For Ponting, this South Africa series is pivotal in determining the future of his career. It's always sad to see an ageing lion being torn apart by the hyenas in the media, and the public. It's an unfortunate thing. Ponting the lion still has sharp teeth and the ability to score runs off his blade, and as he walks into what perhaps could be his last few days, month or perhaps a year of International cricket, here's hoping that the lion can roar once more and walk into the sunset on a high with runs. And perhaps with even the Ashes in his hand. Now wouldn't that be a fairy-tale ending to the career of a stellar batsman!

Friday, November 23, 2012

Episode 22: Cricket in America

Recorded on 18, November 2012; Duration 42 minutes.

Description: In the latest episode, Michael and I are joined by American cricket journalist, Peter Della Penna and we talk about cricket in America, the challenges faced by an associate nation, USACA's administration of the game and plenty more. In Stats Class, Michael talks about the significance of the magic number 40 has in T20s and looks at some very interesting numbers on how that number influences a win.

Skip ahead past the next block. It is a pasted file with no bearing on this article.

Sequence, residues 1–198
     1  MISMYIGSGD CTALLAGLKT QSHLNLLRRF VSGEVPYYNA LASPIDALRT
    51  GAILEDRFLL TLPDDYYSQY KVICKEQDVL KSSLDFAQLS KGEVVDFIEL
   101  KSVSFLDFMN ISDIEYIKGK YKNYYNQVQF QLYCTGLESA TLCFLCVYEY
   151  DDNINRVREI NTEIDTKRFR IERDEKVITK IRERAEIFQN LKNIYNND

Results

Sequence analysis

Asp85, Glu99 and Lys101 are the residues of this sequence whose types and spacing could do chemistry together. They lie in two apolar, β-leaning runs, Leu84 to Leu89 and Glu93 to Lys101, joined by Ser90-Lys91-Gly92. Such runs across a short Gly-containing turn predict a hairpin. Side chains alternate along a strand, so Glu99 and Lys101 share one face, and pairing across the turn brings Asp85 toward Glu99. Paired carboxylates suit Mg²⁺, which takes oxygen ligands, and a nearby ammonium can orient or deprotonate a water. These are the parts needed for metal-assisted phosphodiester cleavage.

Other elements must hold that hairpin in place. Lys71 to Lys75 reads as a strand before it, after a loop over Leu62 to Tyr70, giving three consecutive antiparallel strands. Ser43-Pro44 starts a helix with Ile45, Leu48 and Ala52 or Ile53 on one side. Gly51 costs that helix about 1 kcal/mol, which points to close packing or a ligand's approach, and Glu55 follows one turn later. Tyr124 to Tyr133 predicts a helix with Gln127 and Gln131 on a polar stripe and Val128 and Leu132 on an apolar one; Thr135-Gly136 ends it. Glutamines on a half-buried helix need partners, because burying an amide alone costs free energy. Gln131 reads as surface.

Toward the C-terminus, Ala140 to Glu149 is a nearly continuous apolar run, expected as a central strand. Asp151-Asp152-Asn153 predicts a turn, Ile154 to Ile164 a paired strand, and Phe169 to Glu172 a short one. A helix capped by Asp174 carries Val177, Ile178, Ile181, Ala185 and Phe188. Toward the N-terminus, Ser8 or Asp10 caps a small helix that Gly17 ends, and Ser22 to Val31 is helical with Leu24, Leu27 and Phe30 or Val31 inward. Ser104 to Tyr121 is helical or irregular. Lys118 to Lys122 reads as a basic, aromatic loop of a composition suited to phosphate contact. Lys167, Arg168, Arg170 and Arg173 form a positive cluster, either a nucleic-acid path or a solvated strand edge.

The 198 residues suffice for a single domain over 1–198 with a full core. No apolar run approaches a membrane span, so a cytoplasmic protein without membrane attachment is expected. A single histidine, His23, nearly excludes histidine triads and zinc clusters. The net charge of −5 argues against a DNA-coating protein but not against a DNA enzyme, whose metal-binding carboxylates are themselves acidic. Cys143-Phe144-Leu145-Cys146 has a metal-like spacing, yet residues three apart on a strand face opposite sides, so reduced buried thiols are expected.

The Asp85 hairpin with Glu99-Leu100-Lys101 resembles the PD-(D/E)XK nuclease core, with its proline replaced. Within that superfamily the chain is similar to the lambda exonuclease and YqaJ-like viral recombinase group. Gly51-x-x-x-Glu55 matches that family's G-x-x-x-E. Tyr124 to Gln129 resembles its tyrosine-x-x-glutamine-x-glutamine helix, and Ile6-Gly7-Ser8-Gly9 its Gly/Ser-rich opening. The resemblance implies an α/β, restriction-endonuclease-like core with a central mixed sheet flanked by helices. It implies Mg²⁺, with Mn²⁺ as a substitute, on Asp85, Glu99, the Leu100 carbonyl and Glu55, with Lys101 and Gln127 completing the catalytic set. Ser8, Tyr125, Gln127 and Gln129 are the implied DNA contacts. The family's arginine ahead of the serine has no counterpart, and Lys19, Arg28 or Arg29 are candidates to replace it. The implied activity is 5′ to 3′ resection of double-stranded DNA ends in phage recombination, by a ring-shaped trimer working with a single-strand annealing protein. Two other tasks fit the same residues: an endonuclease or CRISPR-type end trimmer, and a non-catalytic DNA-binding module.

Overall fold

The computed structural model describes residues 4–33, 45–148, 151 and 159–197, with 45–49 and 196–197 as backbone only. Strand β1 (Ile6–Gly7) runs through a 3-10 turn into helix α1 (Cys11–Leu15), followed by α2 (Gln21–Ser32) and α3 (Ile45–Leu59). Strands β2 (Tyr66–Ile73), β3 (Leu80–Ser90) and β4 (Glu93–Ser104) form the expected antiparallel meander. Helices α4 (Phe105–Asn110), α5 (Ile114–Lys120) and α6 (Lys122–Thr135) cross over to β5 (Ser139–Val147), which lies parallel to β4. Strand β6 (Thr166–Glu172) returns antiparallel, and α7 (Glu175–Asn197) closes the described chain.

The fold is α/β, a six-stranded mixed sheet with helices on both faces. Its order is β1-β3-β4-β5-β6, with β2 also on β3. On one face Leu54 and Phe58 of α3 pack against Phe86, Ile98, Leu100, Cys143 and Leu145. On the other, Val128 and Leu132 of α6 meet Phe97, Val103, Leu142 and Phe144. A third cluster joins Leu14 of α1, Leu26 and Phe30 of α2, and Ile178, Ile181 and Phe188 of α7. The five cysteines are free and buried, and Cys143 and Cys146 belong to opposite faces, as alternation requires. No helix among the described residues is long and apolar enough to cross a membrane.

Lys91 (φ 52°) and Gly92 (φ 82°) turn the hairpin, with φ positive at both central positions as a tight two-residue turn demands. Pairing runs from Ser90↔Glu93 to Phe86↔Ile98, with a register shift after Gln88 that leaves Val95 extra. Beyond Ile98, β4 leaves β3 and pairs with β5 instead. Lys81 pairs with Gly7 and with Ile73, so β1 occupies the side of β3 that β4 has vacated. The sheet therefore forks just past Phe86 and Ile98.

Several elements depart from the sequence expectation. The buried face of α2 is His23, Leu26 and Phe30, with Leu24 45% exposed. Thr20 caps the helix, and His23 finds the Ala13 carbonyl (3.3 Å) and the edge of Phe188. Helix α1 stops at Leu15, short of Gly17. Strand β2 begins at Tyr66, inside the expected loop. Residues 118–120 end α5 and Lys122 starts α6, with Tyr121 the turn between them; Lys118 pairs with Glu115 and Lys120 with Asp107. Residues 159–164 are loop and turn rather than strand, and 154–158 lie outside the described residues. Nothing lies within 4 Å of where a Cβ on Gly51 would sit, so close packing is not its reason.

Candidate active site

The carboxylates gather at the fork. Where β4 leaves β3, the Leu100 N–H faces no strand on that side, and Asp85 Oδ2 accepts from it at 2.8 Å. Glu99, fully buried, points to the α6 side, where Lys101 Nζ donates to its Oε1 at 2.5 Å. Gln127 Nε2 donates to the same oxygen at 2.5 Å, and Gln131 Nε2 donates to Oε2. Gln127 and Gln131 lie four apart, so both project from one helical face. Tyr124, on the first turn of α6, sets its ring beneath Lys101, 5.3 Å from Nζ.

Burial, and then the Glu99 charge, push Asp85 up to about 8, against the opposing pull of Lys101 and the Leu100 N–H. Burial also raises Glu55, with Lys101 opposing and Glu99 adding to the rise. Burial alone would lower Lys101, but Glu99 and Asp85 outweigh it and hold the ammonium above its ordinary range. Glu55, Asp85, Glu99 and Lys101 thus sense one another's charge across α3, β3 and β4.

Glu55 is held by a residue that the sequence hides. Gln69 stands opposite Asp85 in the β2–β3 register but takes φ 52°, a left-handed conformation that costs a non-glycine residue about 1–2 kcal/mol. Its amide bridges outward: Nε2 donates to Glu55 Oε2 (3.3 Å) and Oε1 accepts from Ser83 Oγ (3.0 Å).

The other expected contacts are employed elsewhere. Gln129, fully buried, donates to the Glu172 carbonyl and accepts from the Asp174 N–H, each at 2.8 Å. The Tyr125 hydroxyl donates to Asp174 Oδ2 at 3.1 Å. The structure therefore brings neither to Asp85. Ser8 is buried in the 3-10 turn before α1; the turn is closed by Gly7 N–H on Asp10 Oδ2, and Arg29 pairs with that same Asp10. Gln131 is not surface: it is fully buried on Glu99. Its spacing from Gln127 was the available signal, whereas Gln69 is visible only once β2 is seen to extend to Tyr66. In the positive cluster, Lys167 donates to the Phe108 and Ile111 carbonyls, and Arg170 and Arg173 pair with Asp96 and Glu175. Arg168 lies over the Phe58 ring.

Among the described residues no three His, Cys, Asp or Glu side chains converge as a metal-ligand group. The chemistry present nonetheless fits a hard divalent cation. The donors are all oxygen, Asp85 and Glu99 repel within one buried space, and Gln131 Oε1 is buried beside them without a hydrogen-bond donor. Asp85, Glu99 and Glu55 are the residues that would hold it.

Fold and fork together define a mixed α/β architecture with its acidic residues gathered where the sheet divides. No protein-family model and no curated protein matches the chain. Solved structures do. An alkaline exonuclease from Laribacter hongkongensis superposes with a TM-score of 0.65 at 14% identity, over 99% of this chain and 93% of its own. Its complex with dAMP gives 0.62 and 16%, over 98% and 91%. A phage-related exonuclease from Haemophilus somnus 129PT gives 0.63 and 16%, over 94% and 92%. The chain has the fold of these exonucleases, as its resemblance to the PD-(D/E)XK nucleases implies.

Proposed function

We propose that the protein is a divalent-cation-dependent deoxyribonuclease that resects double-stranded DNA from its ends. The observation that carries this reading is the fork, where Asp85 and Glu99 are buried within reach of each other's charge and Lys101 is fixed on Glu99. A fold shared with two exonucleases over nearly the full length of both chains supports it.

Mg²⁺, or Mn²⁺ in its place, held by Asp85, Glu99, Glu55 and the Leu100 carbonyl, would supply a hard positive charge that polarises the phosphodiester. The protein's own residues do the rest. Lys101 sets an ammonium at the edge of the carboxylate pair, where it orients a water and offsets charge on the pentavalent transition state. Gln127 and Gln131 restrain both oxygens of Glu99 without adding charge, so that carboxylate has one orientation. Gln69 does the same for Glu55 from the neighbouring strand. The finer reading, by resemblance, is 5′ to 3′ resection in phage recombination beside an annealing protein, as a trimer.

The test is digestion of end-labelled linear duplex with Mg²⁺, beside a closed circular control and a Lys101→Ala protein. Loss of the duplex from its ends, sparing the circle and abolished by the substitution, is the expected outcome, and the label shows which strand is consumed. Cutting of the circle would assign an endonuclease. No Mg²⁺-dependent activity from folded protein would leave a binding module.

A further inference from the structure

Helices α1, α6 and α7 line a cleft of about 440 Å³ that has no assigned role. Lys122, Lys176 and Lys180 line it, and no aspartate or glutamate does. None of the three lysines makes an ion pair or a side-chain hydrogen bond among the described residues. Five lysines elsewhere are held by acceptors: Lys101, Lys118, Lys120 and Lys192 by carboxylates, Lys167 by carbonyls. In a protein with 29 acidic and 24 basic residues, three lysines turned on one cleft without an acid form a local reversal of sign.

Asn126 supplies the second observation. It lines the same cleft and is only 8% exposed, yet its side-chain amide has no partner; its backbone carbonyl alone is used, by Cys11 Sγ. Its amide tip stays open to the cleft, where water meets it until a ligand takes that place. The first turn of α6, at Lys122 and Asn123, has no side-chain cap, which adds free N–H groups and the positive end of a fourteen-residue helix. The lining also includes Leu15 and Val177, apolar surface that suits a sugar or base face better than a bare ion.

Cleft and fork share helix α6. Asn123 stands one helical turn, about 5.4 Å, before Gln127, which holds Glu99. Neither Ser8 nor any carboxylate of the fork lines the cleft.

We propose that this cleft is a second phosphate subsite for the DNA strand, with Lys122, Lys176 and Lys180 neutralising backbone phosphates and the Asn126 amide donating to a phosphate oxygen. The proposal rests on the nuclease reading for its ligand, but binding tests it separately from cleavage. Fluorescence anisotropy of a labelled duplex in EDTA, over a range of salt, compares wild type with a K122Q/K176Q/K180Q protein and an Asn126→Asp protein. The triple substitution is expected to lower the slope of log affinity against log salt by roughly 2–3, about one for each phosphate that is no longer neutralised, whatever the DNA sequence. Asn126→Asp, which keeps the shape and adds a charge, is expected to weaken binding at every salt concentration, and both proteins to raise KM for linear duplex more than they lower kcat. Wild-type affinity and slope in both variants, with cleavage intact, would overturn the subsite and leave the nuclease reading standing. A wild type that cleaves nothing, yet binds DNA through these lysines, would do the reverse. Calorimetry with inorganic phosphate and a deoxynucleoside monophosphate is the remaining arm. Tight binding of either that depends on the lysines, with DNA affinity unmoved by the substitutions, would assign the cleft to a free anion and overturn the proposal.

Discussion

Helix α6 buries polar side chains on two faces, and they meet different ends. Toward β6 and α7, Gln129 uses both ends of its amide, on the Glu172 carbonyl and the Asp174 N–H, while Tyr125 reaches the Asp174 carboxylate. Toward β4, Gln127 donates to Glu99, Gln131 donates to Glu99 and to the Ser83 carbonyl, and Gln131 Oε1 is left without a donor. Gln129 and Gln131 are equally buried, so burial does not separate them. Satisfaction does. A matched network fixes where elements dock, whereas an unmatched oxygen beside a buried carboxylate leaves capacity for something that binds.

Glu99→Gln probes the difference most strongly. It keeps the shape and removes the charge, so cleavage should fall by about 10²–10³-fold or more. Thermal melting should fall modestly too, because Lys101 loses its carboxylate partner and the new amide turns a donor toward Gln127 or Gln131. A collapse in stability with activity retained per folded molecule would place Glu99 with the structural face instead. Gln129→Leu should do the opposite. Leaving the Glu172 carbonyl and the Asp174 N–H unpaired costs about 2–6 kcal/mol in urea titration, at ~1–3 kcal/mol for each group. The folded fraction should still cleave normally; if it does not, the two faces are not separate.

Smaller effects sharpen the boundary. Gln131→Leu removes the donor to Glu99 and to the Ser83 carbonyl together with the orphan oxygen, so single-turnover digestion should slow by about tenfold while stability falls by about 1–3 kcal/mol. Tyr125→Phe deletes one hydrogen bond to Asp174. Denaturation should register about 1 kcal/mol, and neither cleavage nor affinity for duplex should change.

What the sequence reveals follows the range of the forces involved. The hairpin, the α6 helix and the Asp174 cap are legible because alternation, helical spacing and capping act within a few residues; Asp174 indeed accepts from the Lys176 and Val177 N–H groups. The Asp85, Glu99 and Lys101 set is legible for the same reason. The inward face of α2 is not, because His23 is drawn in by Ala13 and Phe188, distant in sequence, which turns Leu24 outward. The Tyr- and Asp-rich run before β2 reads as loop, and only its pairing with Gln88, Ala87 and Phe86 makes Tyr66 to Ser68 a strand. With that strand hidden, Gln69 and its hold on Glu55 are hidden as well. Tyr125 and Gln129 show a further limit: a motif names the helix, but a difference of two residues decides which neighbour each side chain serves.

Panelists - Peter Della Penna, Michael Wagener and Christopher David

If you wish to download the podcast click here. You can also subscribe to it via iTunes or any other podcatchers.

Tuesday, November 20, 2012

England's Report Card, India vs England, Ahmadabad 2012

Cook and Prior waged a lone battle.
Yesterday I took a look at the Indian team's performance in the Ahmadabad test and graded the players. Cheteshwar Pujara scored a perfect 10. No surprises there, is there? Today it's the English team's turn and though England had a miserable outing in the first innings, they managed to put up quite a strong fight in the second innings, dragging the match into the very last day. They showed much spirit and despite losing by a heavy margin, can take heart in the fact that they made India work hard on the last two days. So without any further delay here's the report card of the English players from the test match.

England report card - (read as name: TWP performance score (1st innings; 2nd innings)

Alstair Cook: 10/10 - (41 runs; 176 runs)